Pharmacy closures 'exacerbated' by PCN recruitment, warns government review
The recruitment of pharmacists into primary care networks (PCNs) has “exacerbated” community pharmacy closures, a new review of integrated care systems (ICSs) has said.
The government commissioned Patricia Hewitt, chair of the Norfolk and Waveney integrated care board (ICB) and former health secretary, to lead an independent review of ICSs in England in November 2022.
The independent review – known as the Hewitt Review and published yesterday (April 4) - found that the recruitment of pharmacists into PCNs via the additional roles reimbursement scheme (ARRS) is worsening a shortage of pharmacists.
“Contracts with national requirements can have unintended consequences when applied to particular circumstances,” it said.
For example, the funding of ARRS roles for community pharmacists within PCNs “has on occasion exacerbated the problem of a general shortage of pharmacists”, it said.
This has led to “some now preferring to work within primary care rather than remain in community pharmacies or acute hospitals, compounding the problem of community pharmacy closures and delayed discharges”, it said.
It added that ICBs have “an important opportunity” to make “the best use of both the staffing resource available and the premises” in primary care.
The Pharmaceutical Services Negotiating Committee (PSNC) welcomed the report, saying it was “important” to the future of local healthcare commissioning.
“For community pharmacy, the review recognises the damaging consequences that the ARRS has had on the sector, exacerbating workforce issues, which has left many pharmacies forced to close their doors temporarily to patients”, PSNC chief executive Janet Morrison said.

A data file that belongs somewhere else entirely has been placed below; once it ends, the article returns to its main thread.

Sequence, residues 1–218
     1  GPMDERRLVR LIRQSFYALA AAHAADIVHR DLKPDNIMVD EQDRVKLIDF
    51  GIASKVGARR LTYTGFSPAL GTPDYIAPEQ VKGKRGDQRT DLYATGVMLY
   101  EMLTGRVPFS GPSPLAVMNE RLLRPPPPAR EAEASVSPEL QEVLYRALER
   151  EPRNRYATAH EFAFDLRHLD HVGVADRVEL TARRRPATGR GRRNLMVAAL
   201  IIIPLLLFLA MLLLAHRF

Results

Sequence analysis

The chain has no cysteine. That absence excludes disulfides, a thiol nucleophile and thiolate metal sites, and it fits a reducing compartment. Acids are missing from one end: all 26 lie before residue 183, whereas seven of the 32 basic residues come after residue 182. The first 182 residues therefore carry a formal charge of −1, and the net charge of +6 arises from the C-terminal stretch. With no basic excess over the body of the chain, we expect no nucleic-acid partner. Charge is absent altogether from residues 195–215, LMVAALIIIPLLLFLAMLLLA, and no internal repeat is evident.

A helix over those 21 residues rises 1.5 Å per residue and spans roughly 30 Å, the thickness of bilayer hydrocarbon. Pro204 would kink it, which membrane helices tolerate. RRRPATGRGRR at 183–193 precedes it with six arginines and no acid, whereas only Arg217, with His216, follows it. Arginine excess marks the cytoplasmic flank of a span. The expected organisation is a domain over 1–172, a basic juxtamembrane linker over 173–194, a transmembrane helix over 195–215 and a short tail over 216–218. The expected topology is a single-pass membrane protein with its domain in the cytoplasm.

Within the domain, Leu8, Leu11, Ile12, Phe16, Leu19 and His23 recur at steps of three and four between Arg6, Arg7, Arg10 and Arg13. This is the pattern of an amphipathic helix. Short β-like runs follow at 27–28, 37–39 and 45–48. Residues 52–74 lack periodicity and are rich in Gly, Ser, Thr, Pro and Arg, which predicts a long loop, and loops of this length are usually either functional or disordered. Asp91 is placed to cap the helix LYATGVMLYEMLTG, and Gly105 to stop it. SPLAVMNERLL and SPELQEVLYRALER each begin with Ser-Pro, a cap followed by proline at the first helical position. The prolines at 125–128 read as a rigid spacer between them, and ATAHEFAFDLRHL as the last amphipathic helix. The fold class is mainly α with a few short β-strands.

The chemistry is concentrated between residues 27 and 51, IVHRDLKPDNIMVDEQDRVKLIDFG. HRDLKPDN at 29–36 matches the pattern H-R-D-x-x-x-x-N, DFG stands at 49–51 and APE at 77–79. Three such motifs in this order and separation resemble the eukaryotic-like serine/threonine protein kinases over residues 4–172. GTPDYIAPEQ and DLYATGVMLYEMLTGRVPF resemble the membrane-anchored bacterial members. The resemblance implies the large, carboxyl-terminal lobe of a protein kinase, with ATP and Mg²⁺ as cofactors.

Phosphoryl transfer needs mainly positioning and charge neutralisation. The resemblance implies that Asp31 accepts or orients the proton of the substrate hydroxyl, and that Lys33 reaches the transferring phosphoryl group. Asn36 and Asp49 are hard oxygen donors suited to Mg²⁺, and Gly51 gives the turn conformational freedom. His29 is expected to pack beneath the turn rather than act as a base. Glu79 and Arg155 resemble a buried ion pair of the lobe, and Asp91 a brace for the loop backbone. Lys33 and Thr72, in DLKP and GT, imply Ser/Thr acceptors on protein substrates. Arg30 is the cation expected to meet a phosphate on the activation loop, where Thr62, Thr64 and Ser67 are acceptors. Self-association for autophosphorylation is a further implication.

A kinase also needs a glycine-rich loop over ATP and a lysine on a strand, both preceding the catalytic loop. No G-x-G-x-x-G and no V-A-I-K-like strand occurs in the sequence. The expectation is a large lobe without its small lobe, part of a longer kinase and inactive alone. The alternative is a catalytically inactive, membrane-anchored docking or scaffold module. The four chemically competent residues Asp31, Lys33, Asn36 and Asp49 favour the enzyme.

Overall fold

She added that the “policy of solving one workforce problem by worsening another is absurd” and has both “increased vacancy rates and caused spiralling locum costs”.
PSNC has been warning the government and NHS England (NHSE) about the issue “for some time”, including by calling for PCN recruitment of pharmacists to be halted or for allowing the money to fund “collaboration with community pharmacies”, she said.
Ms Morrison said that it is “clear” that action must be taken to “carefully consider the best use of the limited pharmacist workforce going forwards”.
However, while ICSs “should be instrumental in this”, local action must be “joined up nationally” so the government must “realise the issues” and put forward solutions in its upcoming workforce plan, which must include community pharmacy, she added.
Ms Morrison told C+D earlier this year that the poaching of pharmacists into PCNs is “damaging” and “at best short-sighted”, with ARRS recruitment resulting in “spiralling locum costs up 80%”.
The National Pharmacy Association (NPA) also responded to the review, calling on system leaders to review “the wider workforce impact on their patch” to avoid “silo thinking”.
NPA director of corporate affairs Gareth Jones added that it has also “repeatedly highlighted that it is an own goal for the NHS to subsidise the employment of pharmacists in general practice at the expense of denuding the community pharmacy workforce”.
The NPA has called for a “workforce risk assessment” at system level before any new recruitment is undertaken via the ARRS, he said.
"We have also asked ICBs to think creatively about what more they can do to optimize community pharmacy staffing for the delivery of locally identified priorities,” Mr Jones added.
The NPA was “pleased to take part” in the review’s consultation stages and welcomed its “straight-talking conclusions".
ICSs were introduced across England last year, bringing together the NHS, local government and other partners to improve the health and care of people in local areas.
Each ICS has a statutory organisation called an integrated care board (ICB), which became responsible for commissioning local primary care services including community pharmacy from this month.